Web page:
Returning to this topic a few years later at a meeting with students at the Lateran University, Joseph Ratzinger, now Benedict XVI, said: "If the question of the truth and the concrete possibility for every person to be able to reach it is neglected, life ends up being reduced to a plethora of hypotheses, deprived of assurances and points of reference" (Address to Students, Pontifical Lateran University, 21 October 2006; L'Osservatore Romano English edition, 1 November, p. 3).
But this is not all: in this perspective, life deprived of all certainties becomes opaque, loses its meaning and is ultimately exposed to every possible form of violence and abuse, as the daily news unfortunately obliges us to note.

On this 20th Sunday of Ordinary Time the Word of God helps us to reflect profitably on these very topics.

The passage of the First Reading from the Book of the Prophet Jeremiah (38: 4-6, 8-10) recounts the experience of the Prophet who was in Jerusalem when the Babylonians were besieging it. He stated that there was no chance of resisting, for this would only lead to worse consequences, and therefore recommended negotiating with Nebuchadnezzar.

But the people and especially their leaders did not agree. They wanted to hold out and were ready to resist the seige to the bitter end. Indeed, considering Jeremiah a defeatist, they became furious with him. King Zedekiah did not dare to oppose the princes who desired to inflict a very harsh punishment on the Prophet and let them have their way. Jeremiah was then taken and thrown into a cistern. What a terrible and even paradoxical situation the Prophet found himself in! He spoke in God's Name but his followers were hostile to him; it even seemed that the Lord himself was no longer protecting him and had left him in his enemies' hands.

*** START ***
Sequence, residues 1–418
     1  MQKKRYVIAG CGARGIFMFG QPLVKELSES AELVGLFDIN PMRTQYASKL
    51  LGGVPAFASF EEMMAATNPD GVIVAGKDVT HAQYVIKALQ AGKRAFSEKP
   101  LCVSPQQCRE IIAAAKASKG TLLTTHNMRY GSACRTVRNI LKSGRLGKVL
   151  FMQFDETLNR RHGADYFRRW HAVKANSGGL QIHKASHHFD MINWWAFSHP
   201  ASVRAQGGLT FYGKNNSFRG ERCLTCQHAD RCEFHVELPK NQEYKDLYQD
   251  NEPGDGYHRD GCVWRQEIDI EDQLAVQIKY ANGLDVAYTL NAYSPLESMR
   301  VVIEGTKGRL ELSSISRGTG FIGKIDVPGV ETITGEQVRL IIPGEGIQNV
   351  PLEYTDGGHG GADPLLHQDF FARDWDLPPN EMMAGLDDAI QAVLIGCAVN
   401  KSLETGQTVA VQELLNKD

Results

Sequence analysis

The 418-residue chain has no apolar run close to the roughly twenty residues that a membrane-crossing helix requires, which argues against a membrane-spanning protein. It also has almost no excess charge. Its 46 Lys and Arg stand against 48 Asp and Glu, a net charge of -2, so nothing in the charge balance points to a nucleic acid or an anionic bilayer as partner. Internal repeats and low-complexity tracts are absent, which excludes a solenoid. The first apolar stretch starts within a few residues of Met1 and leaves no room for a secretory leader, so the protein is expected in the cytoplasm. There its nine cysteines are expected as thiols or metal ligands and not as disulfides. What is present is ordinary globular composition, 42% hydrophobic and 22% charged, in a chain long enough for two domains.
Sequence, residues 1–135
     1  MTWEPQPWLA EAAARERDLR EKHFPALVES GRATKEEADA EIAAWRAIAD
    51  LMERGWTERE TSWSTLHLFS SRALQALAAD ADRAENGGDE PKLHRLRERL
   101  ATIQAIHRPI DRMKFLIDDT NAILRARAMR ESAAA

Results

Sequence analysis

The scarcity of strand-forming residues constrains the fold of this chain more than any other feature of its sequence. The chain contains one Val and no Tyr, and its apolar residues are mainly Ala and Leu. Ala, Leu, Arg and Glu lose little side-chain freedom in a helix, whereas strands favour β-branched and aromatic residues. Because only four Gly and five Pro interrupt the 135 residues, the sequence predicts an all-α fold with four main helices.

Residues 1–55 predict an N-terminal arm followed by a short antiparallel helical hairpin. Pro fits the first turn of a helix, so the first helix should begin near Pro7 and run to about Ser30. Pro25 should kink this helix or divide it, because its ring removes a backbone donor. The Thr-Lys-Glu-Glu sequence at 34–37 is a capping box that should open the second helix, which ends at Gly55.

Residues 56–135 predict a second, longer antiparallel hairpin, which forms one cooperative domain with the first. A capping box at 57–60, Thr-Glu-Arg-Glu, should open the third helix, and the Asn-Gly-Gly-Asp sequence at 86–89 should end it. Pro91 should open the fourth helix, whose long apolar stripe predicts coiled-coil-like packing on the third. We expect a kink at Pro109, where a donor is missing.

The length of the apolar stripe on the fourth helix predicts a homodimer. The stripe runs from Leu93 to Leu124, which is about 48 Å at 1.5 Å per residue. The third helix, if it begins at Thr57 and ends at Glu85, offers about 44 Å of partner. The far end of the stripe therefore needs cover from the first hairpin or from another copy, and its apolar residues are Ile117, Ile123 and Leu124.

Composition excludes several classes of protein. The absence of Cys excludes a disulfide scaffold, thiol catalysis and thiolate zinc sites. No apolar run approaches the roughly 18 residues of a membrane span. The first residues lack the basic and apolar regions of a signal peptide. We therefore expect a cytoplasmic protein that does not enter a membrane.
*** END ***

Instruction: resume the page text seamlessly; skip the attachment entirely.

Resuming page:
The Prophet did not proclaim a truth of compromise or convenience, an opportunist truth, but the truth in its entirety, a truth that corresponded with the divine will itself, even if it was uncomfortable. Those who listened to him listened to God, those who opposed him were opposing God.

Jeremiah, imprisoned in the cistern, reminds us of Jesus, who was to be put to death for having witnessed to the truth and to know the darkness of the tomb; but just as the Prophet was to be hoisted out of the cistern, Christ, rising from death, would emerge victorious from the tomb. Whoever is ready to serve the truth, who wishes to remain faithful to God, must be prepared to experience Jeremiah's lot personally, Christ's same destiny.

St Raymond of Peñafort wrote that those who desire to live fully in Christ suffer persecution. However, when Christians, St Gregory the Great commented, are enlightened by true wisdom, they are not afraid of the derision or unjust censure to which they are subjected. Theodoret of Cyr added that the fortitude with which Christ faced death must be an incentive to us to face life's trials courageously. When it seems that God himself has abandoned us, it is then that we must persevere in prayer; it is then, making our own the invocation of the Responsorial Psalm, that we repeat, full of trust and certain of being heard: "Lord, make haste to help me... bring me out of prison" (cf. Ps 141[140]: 1; 142[141]: 7).

Indeed, just as God went to Jeremiah's rescue by causing Ebel-melech to intervene to save him, he makes himself present with his providential help to those who are suffering and rejected because of truth and justice.

The Gospel passage we have just heard also brings us an important message. It asks us not to give in to compromises when the truth of our relationship with God is at stake. Jesus said: "Do you think that I have come to establish peace on the earth? No, I tell you, but rather division" (Lk 12: 51).